It's a nifty show, even an important one. And I've seen every single episode of Season Three. Through the incomprehensible scheme of airing the season premiere of "Downton Abbey" in the US a week and half after the conclusion of the same season in the UK, combined with the magic of the Internet, we were able to enjoy the series on the UK schedule. So I have the power and ability to thoroughly ruin it for all of you.

I won't do it, of course.

But this brings up something else, a notion that has been batting around on sites like Slate and Vulture and elsewhere: Spoiler Etiquette.

"It's the story... of a man named Crawley...
who was bringing up three very lovely girls..."
We've all been in a situation at work or a social gathering when someone is about to discuss a recently seen TV show.* "Spoiler Alert!," someone will say. "Shush! I DVR'd it! Don't give anything away!" The potential spoiler, so eager to share a good show, is quashed, and the subject is awkwardly shifted to something else.

The question at hand: who is the villain in this little scene?

 It would seem like the "spoiler," is the social transgressor-- but he or she just wanted to share thoughts on something, to join in what likely is the national water-cooler discussion topic.

The new realization is the villain is actually the "shusher," the one who didn't see it. After all, the "spoiler" made the time for a viewing appointment-- and actually watched the show as it was being broadcast. This is how the creators of the show, the broadcasters of it and even the advertisers who paid for it want you to watch it. Even the "water cooler" discussion the next morning is a strong social positive, playing up the cultural commonality of every participant.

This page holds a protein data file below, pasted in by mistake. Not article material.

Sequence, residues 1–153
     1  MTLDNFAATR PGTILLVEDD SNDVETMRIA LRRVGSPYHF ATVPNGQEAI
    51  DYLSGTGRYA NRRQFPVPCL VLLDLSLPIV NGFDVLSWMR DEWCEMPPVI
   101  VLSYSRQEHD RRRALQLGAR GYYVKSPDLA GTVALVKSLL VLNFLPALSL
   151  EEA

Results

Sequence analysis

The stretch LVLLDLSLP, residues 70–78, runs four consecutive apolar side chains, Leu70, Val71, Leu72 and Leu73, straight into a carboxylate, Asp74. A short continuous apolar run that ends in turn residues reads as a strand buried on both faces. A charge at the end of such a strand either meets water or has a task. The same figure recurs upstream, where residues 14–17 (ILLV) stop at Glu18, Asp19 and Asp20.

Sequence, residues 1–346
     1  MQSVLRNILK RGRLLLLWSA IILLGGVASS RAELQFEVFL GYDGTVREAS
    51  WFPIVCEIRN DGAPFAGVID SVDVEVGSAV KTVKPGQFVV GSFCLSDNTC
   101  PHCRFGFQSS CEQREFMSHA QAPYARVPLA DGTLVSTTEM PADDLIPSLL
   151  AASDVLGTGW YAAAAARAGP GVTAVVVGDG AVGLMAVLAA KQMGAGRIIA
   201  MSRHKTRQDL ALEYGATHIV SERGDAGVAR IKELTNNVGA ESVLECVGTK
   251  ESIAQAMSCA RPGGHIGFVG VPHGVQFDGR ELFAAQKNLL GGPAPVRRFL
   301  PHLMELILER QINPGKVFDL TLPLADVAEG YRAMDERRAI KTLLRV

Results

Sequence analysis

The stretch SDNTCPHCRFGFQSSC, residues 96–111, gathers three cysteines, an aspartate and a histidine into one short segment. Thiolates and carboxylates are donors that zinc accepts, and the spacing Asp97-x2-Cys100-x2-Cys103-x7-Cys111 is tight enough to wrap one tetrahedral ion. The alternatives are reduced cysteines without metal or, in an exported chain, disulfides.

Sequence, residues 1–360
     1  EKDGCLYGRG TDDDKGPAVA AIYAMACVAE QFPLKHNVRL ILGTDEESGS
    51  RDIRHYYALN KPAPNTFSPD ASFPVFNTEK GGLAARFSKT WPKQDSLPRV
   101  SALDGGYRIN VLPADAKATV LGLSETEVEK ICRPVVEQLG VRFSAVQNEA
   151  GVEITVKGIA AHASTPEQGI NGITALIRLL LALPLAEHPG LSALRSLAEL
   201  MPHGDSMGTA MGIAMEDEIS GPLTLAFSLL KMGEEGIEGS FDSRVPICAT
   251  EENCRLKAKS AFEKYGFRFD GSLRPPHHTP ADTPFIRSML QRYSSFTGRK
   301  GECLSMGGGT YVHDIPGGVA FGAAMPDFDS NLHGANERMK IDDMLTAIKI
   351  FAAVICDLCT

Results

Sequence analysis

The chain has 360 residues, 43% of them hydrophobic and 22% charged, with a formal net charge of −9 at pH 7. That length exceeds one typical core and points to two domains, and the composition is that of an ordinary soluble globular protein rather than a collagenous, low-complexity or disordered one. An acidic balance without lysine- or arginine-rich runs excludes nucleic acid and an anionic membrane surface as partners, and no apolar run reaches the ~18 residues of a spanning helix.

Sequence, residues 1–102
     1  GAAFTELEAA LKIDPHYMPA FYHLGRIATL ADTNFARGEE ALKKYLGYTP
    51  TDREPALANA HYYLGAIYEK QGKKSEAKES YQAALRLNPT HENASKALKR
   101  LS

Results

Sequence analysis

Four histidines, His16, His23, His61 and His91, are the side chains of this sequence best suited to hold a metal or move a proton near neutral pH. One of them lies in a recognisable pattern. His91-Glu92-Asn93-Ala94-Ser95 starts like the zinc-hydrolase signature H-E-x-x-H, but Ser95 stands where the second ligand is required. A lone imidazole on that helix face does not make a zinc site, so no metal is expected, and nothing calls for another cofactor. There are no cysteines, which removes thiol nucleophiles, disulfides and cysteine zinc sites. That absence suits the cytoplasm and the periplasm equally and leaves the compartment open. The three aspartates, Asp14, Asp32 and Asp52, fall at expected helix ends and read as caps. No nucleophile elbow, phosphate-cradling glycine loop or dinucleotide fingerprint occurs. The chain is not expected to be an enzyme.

The "shusher," on the other hand is, intentionally or not, selfish. He or she is obviously enthusiastic about the show about to be discussed (or else why bother shushing, right?) but has recorded the show for later viewing at their own convenience. Sometimes, they don't even do that (it is cheaper, after all, to watch "Boardwalk Empire" nine months late on Netflix than subscribe to HBO). Not too long ago it was impossible to "time-shift" viewing: If you missed the last episode of "M*A*S*H" or the "Chuckles Bites The Dust" episode of "The Mary Tyler Moore Show" you just had to patiently wait for summer reruns. Technology has changed all that, of course-- but it has not changed the nature of storytelling, hence the ever-spreading spoiler etiquette crisis. Shushing stifles open discussion, smothers cultural commonality, and drowns the water cooler conversation.

Yet we are a painfully polite sort of people (well, most of us are) so we make a strenuous effort not to spoil anyone's potential enjoyment. We back down from spoiling every time. The problem is, by doing so we spoil our own enjoyment.

 So please, watch every superbly edited minute-long sequence of "Downton Abbey"-- safe in the knowledge I, for one, won't give away any of the absolutely shattering, mind-blowing events that will unfold in the yet-unaired episodes. I'll take one for the home team.

*I'm talking about the phenomenon of TV Show spoilers here, one that has been abetted by new technologies like DVRs and DVDs. Movie-ending spoilers have been around for a hundred years, and I think there is a special level in cinematic hell for those who chronically spoil movies.

Thursday, January 3, 2013

Weekend Box Office

Thanks to Variety.com for the numbers. Click through and see 'em yourself!